Much Ado About a Sticker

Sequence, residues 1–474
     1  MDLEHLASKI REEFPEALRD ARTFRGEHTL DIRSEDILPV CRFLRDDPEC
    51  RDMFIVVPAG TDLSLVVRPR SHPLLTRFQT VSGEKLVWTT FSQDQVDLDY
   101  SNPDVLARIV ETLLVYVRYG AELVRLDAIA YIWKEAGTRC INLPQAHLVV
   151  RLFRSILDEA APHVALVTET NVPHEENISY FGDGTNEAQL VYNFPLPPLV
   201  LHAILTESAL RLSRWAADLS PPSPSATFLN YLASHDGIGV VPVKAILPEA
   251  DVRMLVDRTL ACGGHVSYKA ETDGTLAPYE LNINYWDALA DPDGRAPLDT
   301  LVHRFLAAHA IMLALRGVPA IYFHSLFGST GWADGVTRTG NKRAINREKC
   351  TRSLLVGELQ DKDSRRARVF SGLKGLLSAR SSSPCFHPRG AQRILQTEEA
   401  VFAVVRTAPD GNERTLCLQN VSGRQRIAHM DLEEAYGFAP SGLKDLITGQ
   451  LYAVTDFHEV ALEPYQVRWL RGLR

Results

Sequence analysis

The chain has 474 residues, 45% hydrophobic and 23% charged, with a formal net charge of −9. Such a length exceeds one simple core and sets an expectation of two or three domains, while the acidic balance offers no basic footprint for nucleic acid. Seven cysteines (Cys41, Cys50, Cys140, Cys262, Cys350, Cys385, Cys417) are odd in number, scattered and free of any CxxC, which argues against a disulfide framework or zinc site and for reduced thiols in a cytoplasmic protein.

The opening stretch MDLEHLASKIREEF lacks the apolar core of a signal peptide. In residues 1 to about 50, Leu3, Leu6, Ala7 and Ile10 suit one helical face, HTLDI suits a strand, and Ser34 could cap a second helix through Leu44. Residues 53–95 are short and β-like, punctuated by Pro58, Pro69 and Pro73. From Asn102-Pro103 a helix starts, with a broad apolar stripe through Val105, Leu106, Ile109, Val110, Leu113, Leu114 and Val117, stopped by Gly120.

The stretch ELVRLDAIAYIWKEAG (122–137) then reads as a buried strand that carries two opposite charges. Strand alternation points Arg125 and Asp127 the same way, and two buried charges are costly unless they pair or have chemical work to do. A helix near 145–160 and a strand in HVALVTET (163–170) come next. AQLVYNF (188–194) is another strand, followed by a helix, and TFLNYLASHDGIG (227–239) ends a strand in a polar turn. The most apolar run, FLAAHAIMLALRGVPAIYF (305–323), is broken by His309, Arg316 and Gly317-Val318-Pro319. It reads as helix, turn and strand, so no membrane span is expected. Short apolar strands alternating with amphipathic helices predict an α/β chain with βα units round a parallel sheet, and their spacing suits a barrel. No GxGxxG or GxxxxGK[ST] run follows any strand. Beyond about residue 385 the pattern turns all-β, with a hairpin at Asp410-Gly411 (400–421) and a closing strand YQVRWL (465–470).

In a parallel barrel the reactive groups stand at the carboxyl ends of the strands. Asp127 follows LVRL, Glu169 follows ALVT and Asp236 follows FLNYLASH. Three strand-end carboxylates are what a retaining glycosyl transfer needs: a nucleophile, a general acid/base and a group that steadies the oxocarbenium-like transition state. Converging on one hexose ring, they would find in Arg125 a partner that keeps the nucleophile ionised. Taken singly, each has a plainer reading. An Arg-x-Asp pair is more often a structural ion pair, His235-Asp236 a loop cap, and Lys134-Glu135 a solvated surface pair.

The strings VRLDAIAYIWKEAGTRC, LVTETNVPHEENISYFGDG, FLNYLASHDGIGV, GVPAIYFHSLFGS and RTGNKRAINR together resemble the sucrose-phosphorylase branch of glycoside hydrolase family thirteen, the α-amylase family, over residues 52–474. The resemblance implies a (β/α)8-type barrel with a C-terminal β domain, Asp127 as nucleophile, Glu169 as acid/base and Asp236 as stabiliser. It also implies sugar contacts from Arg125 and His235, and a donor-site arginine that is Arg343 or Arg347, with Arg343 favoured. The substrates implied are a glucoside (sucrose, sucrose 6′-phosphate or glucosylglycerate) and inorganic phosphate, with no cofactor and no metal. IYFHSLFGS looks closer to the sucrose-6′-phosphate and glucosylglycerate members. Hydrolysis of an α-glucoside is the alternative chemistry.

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Advertisement nowadays is very different from what it was during the XIX th century. Advertisement used to be a paragraph on the newspaper stating “Buy this from me, because I have it”. Noways products and services are generally available and advertisement has had to change over the years. Advertising has borrowed heavily from the realm of propaganda, making it hard for those wanting to differentiate them from one another. The image above, a sticker, was distributed by a hardware store and widely circulated in certain parts of Florida prior to Veterans Day in the United States and I would like to discuss why this advertisement campaign cannot be confused with propaganda. This because, although there are many similarities in intent and content, it lacks essential qualities discussed on the lessons reviewed in class. This advertising campaign shares with propaganda its two fundamental constants. As seen in lesson two, propaganda always seeks to elicit a “yes” from the targeted audience and always necessitates some type of action for it to be effective. By distributing this particular sticker, the hardware store wants to elicit a yes from the consumer, they want them to think, “yes, me too I thank veterans for their work.” The idea behind this is to have the customer associate his values to those of the store, so that at the time of a future purchase, the customer will chose to buy from “people like him.” The aesthetics of the sticker emulates how propaganda uses images which can be interpreted in different ways according to the message intended. The imagery used has the same qualities the propaganda poster from World War II, shown in lesson two of the study materials, has. The sticker distributed is minimalist and its wordi... ... middle of paper ... ...paign is not yet timeless, credible enough or total. Whether the socio-political environment of the United States encourages nationalism in the private sector as a means of indoctrination is a question that would require more than a mid-term paper to analyze. Works Cited Ellul, Jacques. Propaganda: the formation of men's attitudes. Vintage, 1973. Print. Rouse, Ed . "Joseph Gobbels: Principles of Propaganda." Psywariors - Psychological Operations. N.p., n.d. Web. 20 May 2011. Murphy, Ed . "Lesson 2: What is Propaganda?."Propaganda and You. E-Concordia, 05/2011. Web. 20 May 2011. Murphy, Ed . "Lesson 3: Total."Propaganda and You. E-Concordia, 05/2011. Web. 20 May 2011. Murphy, Ed . "Lesson 4: Time."Propaganda and You. E-Concordia, 05/2011. Web. 20 May 2011. Murphy, Ed . "Lesson 5: Truth."Propaganda and You. E-Concordia, 05/2011. Web. 20 May 2011.

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